COVID-19 Restrictions and Spiritual Practices

Storm clouds with sun shutterstock_96621118

You’ve heard the saying, “Every cloud has a silver lining.” For me, every cloud has a spiritual lining.

I used to think the “silver lining” saying was based on the metaphor of a coat or jacket that had an inner lining. If it was a wool jacket, for example, the lining would keep it from irritating your skin. My interpretation didn’t make much sense, but I got the idea there can be some good in the midst of not-so-good. But now I believe this saying is based on the image of the sun behind the dark cloud. It shines in such a way that the cloud is outlined (thus lining) the cloud.

Shift this image to one of a spiritual lining: We can look for a spiritual outline framing every aspect and circumstance. We need eyes to see and ears to hear.

Novel COVID-19 (Coronavirus disease) has disrupted life globally unlike any other catastrophe. Hurricanes, tsunamis, even wars are all devastating – but are limited to a geographic area, even if that area is huge. This is global, leaving no area and no person unaffected. We are being asked to self-quarantine, practice social distancing, and cancel all regular activities that involve gathering. Though we are not under Marshall Law, it’s like everyone is on house arrest.

So where is the spiritual lining? Where is the spiritual outline that gives us a frame of reference for these trying times?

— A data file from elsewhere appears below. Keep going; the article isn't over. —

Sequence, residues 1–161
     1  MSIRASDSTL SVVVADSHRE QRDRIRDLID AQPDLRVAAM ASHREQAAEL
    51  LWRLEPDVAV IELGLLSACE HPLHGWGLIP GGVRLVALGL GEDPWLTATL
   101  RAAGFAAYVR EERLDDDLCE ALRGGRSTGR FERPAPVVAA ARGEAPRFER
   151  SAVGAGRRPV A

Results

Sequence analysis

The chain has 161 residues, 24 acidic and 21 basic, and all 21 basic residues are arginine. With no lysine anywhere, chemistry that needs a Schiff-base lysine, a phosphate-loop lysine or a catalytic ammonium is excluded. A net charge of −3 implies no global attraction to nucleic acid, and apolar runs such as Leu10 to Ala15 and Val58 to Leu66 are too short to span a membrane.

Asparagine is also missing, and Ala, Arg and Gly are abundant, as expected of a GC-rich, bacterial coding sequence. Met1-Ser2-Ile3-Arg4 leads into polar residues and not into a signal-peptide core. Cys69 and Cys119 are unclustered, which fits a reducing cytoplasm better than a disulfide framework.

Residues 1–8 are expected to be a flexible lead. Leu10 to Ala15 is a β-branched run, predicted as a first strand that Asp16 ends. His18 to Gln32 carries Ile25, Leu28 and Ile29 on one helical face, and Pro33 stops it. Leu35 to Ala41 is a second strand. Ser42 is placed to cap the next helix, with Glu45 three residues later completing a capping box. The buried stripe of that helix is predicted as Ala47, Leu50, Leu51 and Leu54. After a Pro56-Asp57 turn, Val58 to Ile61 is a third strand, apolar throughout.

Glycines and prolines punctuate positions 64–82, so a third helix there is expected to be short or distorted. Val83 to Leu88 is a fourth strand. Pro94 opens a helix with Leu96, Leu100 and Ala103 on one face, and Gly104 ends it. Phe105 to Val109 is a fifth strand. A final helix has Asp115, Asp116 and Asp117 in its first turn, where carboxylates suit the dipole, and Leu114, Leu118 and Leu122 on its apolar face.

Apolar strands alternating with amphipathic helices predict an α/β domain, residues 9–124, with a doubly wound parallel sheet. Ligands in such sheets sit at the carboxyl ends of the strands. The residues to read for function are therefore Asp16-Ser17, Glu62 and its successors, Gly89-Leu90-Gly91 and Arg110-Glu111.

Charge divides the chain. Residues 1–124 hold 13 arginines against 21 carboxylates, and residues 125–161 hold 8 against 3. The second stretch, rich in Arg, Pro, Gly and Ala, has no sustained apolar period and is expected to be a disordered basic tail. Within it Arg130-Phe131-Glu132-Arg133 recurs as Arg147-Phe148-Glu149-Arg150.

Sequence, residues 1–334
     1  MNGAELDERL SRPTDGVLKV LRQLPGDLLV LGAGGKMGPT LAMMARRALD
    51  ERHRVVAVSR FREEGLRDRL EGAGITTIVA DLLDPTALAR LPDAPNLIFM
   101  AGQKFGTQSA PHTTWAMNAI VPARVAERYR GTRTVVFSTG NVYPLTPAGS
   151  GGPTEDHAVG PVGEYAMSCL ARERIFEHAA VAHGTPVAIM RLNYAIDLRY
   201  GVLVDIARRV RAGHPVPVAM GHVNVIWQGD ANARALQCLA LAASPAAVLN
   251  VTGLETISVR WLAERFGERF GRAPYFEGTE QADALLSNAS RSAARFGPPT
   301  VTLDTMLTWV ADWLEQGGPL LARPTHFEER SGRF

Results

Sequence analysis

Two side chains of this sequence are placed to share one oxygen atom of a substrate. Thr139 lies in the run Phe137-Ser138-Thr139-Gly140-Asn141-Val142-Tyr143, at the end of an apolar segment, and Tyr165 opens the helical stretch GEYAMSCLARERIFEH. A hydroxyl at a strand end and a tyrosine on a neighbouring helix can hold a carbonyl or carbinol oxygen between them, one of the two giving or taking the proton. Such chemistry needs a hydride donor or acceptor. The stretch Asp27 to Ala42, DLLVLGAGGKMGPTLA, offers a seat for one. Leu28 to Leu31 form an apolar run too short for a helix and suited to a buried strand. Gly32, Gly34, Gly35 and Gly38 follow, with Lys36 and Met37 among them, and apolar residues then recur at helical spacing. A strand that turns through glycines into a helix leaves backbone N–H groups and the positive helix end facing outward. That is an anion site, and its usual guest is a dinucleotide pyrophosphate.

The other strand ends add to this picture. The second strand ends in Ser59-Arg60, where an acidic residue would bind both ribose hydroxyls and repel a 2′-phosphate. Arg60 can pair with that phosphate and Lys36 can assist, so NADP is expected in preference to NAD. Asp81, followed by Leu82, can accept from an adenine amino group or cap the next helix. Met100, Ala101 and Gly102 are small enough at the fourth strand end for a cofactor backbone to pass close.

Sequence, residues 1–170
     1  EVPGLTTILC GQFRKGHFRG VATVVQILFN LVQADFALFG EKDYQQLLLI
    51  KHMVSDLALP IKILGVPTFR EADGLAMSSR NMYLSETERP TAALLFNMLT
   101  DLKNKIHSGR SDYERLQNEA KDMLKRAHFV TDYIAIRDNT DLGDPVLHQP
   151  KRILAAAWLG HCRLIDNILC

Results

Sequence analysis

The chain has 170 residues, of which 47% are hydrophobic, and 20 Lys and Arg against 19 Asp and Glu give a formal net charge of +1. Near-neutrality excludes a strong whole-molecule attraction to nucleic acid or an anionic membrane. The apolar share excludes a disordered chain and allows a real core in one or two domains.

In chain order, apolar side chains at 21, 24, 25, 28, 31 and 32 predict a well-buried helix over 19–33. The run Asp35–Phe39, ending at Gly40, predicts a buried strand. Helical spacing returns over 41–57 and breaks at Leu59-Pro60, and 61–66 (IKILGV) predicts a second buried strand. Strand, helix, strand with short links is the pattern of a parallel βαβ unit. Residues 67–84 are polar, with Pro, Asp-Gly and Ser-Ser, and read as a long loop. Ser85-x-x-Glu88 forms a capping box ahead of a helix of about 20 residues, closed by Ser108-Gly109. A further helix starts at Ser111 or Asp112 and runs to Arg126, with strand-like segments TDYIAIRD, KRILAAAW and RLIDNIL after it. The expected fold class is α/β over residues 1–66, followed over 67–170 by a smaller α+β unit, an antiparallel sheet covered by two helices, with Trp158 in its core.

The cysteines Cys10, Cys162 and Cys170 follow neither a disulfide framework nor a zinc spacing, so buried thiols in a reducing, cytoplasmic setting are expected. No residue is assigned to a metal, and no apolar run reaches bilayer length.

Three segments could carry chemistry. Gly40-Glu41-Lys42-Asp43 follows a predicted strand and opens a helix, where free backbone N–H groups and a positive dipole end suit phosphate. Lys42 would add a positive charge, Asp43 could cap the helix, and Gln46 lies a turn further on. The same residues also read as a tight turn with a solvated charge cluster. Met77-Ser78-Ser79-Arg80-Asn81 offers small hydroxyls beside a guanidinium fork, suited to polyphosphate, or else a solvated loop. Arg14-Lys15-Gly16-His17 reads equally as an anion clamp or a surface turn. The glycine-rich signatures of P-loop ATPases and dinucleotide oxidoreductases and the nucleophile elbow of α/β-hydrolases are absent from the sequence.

It’s interesting that all this is happening during Lent, the season of the Christian year leading up to our Easter celebration. Lent (whose name comes from the lengthening of days in spring) is a time when we often give up certain things in symbolic fasting both to identify with Jesus in the wilderness (Luke 4:1-14) and to express our repentance and spiritual readiness to follow the Lord.

We are all giving up a lot these days. I’m suggesting the spiritual lining is to frame our new circumstances in light of spiritual practices or disciplines. Let me highlight four:

Fasting

The overarching discipline these days is fasting. Fasting is abstaining from things that are good in order to give greater attention to spiritual concerns. It is one of the most frequently illustrated spiritual exercises in Scripture, occurring in a great variety of situations. Fasting feeds the soul. Some have said fasting is praying with the body.

We are now being “forced” to fast from nearly all our normal away-from-home activities. This loss of control is one of the most debilitating experiences for the soul. When we lose control over how we work, what we do, over our use of time and money, we lose our sense of self-affirmation and confidence. The discipline of fasting is about control, or more properly, about what controls us. In spiritual formation, fasting has an immediate impact on a person, revealing what controls them.